To evaluate for potential bias related to missing follow‐up data, we first compared baseline characteristics of patients alive but missing 6‐month angina data (n=443) with those in the analytic cohort (Table S3). We then constructed a multivariable logistic regression model among patients eligible for 6‐month follow‐up to determine the probability of having missing follow‐up angina data. The model included all baseline demographic, clinical, and treatment variables. We then weighted each of the patients in the analytic cohort by the inverse probability of the likelihood of having follow‐up angina data to better reflect the overall PCI population24 and repeated all analyses. Results of these inverse propensity‐weighted analyses were similar to the nonweighted analyses, and thus only the nonweighted analyses are shown.
Moreover, we compared baseline characteristics of patients that did not survive to 6 months (n=37) with those in the analytic cohort. Data are not shown because no differences were observed in the baseline characteristics and, more important, in the AAM escalation/de‐escalation rates.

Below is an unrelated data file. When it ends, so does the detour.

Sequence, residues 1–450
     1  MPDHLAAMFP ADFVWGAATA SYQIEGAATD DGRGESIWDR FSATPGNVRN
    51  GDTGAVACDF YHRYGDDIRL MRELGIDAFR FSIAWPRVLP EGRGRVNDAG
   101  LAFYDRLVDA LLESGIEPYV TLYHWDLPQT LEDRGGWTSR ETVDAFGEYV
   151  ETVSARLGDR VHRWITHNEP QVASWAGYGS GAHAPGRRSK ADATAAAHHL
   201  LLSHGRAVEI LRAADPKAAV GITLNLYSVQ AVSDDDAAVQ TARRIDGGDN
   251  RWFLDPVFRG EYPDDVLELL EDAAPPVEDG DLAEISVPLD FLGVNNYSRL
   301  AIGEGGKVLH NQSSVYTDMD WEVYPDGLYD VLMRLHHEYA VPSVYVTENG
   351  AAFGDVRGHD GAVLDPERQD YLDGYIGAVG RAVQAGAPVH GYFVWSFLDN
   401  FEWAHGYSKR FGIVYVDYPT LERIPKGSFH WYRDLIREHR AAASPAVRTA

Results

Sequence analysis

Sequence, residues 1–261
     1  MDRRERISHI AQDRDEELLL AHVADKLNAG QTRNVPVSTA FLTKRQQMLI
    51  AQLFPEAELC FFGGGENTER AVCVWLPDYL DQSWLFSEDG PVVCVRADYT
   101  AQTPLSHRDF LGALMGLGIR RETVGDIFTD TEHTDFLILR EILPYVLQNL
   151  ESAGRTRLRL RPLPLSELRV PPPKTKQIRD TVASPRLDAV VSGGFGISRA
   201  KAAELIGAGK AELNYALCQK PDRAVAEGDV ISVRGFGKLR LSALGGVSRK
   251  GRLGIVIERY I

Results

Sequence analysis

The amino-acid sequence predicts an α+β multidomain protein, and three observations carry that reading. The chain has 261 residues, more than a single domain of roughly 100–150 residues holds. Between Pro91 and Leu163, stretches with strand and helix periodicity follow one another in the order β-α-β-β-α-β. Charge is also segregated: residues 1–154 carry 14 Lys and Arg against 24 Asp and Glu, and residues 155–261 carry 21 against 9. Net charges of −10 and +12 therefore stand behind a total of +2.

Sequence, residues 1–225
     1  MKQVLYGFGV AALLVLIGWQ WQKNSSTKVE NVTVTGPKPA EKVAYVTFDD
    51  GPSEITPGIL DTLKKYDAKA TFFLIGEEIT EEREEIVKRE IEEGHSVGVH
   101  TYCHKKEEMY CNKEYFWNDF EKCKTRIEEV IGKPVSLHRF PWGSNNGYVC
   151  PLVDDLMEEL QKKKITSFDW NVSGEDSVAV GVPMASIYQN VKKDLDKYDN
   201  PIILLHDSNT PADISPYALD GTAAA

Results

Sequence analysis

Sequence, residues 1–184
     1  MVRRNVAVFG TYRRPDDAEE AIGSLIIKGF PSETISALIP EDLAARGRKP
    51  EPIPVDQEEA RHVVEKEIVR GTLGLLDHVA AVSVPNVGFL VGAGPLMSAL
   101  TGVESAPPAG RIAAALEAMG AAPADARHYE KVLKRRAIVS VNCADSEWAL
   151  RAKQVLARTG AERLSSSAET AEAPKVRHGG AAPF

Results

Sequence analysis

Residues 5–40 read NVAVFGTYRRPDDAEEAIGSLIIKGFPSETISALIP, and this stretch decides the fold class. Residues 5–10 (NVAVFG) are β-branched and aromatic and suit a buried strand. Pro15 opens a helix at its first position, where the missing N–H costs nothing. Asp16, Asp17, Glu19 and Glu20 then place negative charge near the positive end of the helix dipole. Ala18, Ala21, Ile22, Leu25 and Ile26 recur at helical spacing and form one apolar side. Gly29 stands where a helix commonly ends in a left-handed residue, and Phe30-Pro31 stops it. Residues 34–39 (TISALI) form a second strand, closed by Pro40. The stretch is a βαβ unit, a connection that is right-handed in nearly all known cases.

All statistical analyses were performed with SAS software (version 9.4; SAS Institute, Inc, Cary, NC).
Among 3299 patients from 10 US centers who underwent PCI and were enrolled in PRISM, we excluded 76 patients who presented with an ST‐elevation myocardial infarction and 37 who did not survive 6 months and were therefore ineligible for follow‐up. Of the remaining 3186 eligible patients, we further excluded 134 patients because of incomplete AAM data and 309 (9.7%) patients because of incomplete SAQ AF data. As such, our analytic cohort included 2743 patients (Figure 1). Mean age of patients was 65.2 years, 70.3% were men, and 92.0% were white (Table S3). Cardiac and noncardiac comorbidities were common, with past PCI in 43.2%, past bypass graft surgery in 21.8%, past myocardial infarction 28.1%, and diabetes mellitus in 34.4%. The most common indication for PCI was stable angina in 36.6% followed by unstable angina in 35.0% and non‐ST‐elevation myocardial infarction in 17.8%. Complete revascularization was achieved in 68.7% of patients. Compared with patients whose AAMs were unchanged or escalated, patients whose AAMs were de‐escalated were more likely to be older and to have a history of past coronary revascularization (Table 1).
Baseline Angina and AAM